Raised in vain.....
An empty nest the only evidence of an African paradise flycatcher's dedication and courage
My grandson, breathless with wonder, arrived at my office here at Nabana Lodge with three minute little eggs in his grubby hand. “Ouma, look what I found for you!” And when ouma looked, one little egg was dented and cracked; the other two miraculously survived the enclosed fist. Hoping the paradise flycatcher will forgive the intrusion and not reject the eggs, we gently returned the two eggs to the little cup nest. Only just giving us a chance to move away, the little bird was back on the nest, warming its eggs. .
For the next week and a bit, he overwhelmed me with his dedication, resolutely sitting on the nest in pouring rain or constant drizzle, head raised to create a run off for the water, dragging his lovely long tail down with its weight. During the following days, the paradise flycatcher settled in calmly, allowing me to move in a bit closer to photograph him on the nest.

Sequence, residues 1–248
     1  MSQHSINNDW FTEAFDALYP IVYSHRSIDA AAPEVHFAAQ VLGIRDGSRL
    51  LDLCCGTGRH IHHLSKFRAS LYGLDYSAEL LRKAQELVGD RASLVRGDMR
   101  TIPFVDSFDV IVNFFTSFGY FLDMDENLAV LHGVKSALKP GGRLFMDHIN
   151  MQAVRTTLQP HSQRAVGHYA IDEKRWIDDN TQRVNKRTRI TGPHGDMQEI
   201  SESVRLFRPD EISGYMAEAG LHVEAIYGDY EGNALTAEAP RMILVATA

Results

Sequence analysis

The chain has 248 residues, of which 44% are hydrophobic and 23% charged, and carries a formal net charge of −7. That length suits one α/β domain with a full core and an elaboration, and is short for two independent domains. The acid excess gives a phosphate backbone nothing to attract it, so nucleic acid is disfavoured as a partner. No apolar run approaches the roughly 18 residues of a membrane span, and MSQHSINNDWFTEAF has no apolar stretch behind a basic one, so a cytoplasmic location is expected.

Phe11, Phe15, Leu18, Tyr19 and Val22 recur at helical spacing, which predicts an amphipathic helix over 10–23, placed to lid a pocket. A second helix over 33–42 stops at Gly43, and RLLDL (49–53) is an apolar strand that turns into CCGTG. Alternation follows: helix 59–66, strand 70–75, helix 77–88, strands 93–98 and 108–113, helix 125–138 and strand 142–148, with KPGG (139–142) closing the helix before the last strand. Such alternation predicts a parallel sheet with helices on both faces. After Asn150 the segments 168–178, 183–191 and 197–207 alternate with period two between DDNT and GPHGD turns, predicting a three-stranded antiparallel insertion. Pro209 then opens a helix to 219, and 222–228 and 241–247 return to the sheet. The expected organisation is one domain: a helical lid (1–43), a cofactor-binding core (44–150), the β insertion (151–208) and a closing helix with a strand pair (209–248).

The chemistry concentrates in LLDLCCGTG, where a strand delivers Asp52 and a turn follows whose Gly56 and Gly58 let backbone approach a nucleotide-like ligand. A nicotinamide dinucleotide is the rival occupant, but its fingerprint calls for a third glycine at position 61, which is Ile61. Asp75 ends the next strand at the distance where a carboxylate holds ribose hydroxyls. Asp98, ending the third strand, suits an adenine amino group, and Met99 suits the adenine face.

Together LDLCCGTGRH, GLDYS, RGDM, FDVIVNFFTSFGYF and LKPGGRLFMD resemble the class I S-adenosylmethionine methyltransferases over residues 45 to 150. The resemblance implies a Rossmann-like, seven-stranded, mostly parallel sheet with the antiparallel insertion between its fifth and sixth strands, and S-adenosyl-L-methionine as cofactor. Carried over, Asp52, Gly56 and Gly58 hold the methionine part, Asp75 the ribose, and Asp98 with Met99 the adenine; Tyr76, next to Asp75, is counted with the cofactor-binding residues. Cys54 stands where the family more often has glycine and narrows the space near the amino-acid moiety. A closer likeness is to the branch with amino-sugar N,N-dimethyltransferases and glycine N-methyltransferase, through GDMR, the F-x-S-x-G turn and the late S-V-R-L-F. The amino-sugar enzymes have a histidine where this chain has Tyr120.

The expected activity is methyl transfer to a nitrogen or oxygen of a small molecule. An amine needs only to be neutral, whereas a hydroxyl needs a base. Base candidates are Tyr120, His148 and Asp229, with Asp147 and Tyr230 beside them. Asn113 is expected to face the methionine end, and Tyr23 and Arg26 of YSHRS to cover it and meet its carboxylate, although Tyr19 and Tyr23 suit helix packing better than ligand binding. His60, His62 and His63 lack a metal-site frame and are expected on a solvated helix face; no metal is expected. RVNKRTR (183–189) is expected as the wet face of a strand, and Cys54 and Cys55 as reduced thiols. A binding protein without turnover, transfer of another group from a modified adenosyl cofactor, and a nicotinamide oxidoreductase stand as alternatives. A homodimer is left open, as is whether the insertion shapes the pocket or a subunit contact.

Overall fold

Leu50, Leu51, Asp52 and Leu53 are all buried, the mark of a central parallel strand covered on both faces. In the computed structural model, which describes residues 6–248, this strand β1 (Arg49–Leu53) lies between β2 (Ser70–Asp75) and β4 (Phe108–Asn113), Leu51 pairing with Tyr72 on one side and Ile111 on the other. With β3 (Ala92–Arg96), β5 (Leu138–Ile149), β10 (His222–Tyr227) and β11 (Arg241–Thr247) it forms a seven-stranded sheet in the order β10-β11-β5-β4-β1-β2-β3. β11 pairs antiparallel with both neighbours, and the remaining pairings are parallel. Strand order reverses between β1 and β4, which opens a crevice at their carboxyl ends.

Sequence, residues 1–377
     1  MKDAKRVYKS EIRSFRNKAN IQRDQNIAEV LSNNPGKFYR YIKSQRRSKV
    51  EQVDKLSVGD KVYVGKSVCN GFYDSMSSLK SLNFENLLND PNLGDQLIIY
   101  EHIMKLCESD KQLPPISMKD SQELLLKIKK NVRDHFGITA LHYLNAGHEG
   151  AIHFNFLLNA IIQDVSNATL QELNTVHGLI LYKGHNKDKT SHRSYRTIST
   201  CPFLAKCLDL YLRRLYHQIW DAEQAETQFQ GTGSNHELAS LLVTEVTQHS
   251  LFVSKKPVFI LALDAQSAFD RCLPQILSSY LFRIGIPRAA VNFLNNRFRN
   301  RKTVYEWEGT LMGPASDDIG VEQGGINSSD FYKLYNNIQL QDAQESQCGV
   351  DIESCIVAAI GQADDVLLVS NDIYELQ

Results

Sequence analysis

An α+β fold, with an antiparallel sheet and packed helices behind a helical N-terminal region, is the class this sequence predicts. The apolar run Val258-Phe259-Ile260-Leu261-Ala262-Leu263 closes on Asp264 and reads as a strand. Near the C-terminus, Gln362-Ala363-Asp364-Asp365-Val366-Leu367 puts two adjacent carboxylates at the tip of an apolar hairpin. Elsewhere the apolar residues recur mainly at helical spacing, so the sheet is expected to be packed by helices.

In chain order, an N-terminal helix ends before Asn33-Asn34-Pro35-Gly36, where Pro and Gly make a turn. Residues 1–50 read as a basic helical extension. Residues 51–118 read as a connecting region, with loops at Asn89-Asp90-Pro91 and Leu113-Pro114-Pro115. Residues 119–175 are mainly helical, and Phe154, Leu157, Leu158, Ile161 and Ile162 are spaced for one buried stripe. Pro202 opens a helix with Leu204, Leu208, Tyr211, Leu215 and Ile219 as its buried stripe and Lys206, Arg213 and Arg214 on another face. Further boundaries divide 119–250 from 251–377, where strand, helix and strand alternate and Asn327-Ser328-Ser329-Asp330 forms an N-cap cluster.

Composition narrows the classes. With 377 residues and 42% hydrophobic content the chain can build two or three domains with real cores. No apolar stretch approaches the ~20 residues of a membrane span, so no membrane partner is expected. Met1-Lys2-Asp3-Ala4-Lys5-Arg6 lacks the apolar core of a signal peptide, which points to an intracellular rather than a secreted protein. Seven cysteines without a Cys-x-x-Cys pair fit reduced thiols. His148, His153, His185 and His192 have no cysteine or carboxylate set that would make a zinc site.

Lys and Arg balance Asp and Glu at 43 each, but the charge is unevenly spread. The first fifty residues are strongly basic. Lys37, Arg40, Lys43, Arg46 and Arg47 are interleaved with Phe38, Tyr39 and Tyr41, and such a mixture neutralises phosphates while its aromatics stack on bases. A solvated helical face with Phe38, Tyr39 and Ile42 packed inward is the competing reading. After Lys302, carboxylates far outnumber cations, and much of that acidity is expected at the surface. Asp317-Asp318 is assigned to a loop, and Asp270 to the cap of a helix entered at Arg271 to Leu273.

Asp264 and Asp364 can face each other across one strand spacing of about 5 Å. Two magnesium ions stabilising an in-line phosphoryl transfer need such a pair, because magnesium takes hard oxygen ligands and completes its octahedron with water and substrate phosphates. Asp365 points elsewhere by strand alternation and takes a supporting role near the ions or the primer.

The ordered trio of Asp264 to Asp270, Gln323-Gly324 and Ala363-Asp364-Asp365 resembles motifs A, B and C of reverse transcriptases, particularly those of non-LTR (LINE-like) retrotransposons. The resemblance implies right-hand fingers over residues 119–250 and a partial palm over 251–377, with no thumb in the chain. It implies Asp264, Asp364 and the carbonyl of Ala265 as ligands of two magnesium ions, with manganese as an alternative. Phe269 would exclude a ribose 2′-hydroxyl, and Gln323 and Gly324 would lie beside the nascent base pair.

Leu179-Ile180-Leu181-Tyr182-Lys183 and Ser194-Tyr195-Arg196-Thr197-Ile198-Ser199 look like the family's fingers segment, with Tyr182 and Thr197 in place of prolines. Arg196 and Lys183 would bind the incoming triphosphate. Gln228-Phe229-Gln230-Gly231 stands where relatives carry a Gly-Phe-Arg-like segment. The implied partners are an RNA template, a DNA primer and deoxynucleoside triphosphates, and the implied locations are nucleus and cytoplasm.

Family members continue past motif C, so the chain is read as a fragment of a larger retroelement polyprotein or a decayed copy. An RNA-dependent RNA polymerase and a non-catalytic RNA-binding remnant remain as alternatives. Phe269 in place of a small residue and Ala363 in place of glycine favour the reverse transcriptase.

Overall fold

Dedication paid off handsomely when just over a week later two little beaks opened in unison as he sat in a nearby tree guarding the hatchlings, his alarm call sounding when perceiving dangers and swooping in every now and then to feed the chicks.
Although there was still a light drizzle, the poor weather had improved somewhat, and the two tykes were snugly warming each other in the nest. They grew quickly and within a week were seen to be sitting on the edge of the nest.
Then one morning, his constant alarm call alerted me to danger and upon checking on the chicks, found one hanging on for dear life to a twig above the nest whilst the sibling was nowhere to be seen.
Assuming that the fledgling may have fallen out the nest upon exercising its wings, I scrutinised the undergrowth, looking for the floundering chick, almost stepping on the tail of a green mamba. The snake had found the nest – and what to do about the other chick? With a hammering heart all that could be done was to gently put him back in the nest, and hope for the best.
But the next morning, he too was gone ...leaving only the plaintive call of the paradise flycatcher and the empty nest as evidence.